Jurors deciding if a Mitcham man and a soldier serving in the Queen's ceremonial regiment carried out a string of armed robberies have retired to consider their verdict.

Grenadier Guard Kristopher James-Merrill, 20, is accused of helping fellow guardsman Dillon Sharpe, 23, raid seven convenience stores across south London along with their friend Marlon Wright, 25, during the summer of 2018.

The pair served in the senior British Army regiment in which soldiers wear scarlet tunics and bearskin uniforms while on ceremonial duty at Buckingham Palace and Windsor Castle.

Sharpe, from Dulwich, has already admitted four attempted robberies, three robberies and seven counts of possessing an imitation firearm with intent to cause fear of violence between July 24 and 26. He is not standing trial.

James-Merrill, from Brixton, denies the same 14 charges.

Wright, who is not a soldier, from Mitcham, denies four attempted robberies and three robberies.

Jurors have heard that four shops were targeted between around 11pm on July 24 2018 and the early hours of the following day, while another three attempts were made within an hour on July 26.

Sharpe entered the first shop in Croydon wearing a mask and black clothing, demanding the shopkeeper open the safe before pointing a handgun at him.

He made off with around £1,000 from the till after a scuffle which left the victim with injuries to his face and head, while police later recovered a magazine for a pistol.

The jury was told a BB gun, with blood matching the DNA of the victim, was later found at James-Merrill's home.

Sharpe was thwarted as he tried to carry out a second raid nearby just five minutes later, Mr Coxhill said.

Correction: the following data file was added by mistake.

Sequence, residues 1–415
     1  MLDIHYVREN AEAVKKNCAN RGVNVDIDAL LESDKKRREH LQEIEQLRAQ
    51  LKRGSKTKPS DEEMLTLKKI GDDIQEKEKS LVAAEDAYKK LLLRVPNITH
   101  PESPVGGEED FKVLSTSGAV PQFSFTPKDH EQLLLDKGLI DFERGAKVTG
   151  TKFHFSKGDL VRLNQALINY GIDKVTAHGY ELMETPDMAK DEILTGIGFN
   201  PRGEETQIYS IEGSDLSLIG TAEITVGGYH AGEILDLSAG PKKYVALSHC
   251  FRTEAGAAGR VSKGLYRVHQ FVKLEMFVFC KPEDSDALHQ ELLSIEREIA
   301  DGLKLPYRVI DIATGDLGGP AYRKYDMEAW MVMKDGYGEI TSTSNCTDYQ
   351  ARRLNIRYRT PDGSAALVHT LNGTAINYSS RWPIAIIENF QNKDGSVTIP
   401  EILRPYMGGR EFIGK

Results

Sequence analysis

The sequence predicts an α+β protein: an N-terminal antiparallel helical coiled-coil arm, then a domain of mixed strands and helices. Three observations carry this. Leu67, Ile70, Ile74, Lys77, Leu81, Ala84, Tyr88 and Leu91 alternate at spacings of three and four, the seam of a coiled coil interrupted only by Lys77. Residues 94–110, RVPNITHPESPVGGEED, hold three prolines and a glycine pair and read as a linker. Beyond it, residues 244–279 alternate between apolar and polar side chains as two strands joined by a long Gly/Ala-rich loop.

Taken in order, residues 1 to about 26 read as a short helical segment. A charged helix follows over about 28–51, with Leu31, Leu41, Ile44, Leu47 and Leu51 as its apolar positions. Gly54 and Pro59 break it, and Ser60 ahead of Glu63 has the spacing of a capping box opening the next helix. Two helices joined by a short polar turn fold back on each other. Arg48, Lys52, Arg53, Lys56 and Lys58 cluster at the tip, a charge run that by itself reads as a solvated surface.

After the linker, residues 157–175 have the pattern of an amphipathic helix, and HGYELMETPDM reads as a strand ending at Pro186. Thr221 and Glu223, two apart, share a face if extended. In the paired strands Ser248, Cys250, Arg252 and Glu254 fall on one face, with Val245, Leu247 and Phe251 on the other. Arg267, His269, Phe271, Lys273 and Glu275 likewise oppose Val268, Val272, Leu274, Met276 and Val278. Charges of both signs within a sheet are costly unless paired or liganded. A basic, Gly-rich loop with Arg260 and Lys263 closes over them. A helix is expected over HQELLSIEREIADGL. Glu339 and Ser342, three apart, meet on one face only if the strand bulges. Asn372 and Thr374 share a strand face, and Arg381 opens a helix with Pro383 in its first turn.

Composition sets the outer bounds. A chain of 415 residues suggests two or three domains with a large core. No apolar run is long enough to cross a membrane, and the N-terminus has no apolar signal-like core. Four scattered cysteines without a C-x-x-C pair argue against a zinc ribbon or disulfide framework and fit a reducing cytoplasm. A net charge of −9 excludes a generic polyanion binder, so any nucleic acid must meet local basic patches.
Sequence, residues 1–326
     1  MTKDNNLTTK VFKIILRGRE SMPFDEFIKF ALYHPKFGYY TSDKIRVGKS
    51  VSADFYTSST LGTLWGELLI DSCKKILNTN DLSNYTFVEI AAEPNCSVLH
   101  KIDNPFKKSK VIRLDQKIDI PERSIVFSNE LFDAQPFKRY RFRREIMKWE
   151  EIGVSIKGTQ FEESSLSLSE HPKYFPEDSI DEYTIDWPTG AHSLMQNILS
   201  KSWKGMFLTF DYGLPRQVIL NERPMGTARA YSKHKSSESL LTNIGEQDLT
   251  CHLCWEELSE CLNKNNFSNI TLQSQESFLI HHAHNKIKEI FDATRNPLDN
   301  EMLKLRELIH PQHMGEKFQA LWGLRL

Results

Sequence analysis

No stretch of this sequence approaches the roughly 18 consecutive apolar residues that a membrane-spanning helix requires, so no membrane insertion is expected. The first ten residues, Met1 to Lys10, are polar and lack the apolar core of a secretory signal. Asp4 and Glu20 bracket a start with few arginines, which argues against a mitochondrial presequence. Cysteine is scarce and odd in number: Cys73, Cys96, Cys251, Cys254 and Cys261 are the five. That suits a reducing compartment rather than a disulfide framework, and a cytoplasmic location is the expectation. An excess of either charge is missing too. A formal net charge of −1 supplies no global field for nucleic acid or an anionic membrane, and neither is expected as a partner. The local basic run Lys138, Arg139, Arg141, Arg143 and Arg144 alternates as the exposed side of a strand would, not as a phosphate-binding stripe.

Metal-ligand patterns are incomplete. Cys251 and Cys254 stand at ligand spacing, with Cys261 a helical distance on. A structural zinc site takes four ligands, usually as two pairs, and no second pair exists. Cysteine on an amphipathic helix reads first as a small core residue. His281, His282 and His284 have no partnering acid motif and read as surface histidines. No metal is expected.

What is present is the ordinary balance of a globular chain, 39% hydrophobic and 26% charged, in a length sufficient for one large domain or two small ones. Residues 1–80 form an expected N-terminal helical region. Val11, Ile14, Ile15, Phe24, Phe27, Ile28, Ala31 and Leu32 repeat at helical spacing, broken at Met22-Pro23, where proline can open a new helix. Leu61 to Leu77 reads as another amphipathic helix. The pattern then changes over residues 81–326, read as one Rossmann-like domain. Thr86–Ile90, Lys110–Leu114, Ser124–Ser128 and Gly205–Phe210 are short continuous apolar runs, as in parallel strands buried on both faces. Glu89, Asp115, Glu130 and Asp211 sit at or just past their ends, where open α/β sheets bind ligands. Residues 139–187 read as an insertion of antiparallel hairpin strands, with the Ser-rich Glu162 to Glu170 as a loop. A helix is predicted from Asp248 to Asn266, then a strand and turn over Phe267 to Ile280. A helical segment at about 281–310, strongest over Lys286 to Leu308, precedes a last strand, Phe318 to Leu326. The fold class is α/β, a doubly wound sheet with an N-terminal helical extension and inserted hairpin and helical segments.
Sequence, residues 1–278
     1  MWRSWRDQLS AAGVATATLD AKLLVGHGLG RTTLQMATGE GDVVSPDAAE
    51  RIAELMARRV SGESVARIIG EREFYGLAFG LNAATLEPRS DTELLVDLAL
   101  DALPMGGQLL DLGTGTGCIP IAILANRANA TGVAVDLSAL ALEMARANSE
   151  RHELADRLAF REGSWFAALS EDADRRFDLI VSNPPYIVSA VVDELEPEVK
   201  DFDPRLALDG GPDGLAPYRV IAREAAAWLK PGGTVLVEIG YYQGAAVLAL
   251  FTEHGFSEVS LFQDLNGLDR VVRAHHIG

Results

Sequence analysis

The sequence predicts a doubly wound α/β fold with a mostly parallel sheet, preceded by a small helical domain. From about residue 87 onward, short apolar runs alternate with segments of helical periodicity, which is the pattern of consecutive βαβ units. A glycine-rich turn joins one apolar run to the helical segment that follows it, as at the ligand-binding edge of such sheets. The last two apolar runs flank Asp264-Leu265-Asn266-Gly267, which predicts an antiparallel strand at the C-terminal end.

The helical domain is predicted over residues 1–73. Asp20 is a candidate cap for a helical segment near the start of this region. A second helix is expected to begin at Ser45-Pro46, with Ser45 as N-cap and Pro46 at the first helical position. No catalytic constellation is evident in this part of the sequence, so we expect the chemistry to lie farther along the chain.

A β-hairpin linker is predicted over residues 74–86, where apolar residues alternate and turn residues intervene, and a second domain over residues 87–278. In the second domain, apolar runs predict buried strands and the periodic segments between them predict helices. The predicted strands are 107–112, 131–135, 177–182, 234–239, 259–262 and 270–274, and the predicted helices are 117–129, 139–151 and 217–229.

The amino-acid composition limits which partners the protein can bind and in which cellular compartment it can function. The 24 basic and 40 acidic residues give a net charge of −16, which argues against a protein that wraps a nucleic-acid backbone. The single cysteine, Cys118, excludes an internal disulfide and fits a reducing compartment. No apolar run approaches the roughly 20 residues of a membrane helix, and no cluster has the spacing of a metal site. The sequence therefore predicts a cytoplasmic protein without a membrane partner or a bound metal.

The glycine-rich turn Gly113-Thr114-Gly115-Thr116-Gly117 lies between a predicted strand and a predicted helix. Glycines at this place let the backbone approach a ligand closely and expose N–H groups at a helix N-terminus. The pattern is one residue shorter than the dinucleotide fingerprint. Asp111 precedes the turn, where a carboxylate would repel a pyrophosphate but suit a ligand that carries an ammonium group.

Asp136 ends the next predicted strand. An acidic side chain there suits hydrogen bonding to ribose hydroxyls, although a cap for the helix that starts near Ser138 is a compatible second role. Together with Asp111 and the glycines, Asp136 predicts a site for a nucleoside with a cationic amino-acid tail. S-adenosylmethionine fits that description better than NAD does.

The prosecutor told jurors the shopkeeper was carrying a large wooden stick used to close the shutters when he saw the robber.

Sharpe took around £150 from the third shop in Wimbledon before robbing the Rocky Express in Streatham Vale around 40 minutes later.

Jurors were told a shopkeeper in a West Molesey convenience store "feared he would be shot and killed" when Sharpe pointed a handgun at him on the night of July 26 2018 and "aggressively" shouted to open the till.

But the robber fled the shop empty handed after the victim hit the panic alarm grabbed the pistol with both hands in a bid to disarm him.

Sharpe failed in two further attempted robberies in Cambridge Road, Kingston, despite pointing his gun at a 15-year-old boy and asking his mother to open the till.

James-Merrill and Wright, who are both accused of assisting Sharpe in his acts, say they thought he was running errands and collecting money from friends.

James-Merrill, who has served in Afghanistan, is accused of supplying the BB handgun Sharpe used as well as using his own car as a getaway vehicle and conducting reconnaissance with Wright.

Summing up the case on Wednesday at Kingston Crown Court, judge Timothy Lamb QC told the jury of seven women and five men: "The defendants say they have innocent explanations for being in the car, they say they had no idea Sharpe was going to commit or had committed robberies.

"Was Sharpe cruising around with his mates and, when the opportunity arose, getting out of the car, donning a balaclava, motorcycle gloves, and hood, executing an armed robbery then removing his robber's guise and getting back into the car and chatting away as they did?"

Defending James-Merrill, Nicola Merrick said: "The prosecution say Mr Sharpe needed somebody to drive him and he would have told Mr James-Merrill, he needed to rely on him so he had to tell him, but why would that be so?

"If you set it up by saying 'listen, on this night I'm going to stop off and get some money from some friends of mine' why would you need to tell Mr James-Merrill anything?

"There isn't really any need for Mr Sharpe to have told Mr James-Merrill what he was doing.

"He had a reason not to tell him, surely."

Jurors retired at around 3pm after the eight-day trial.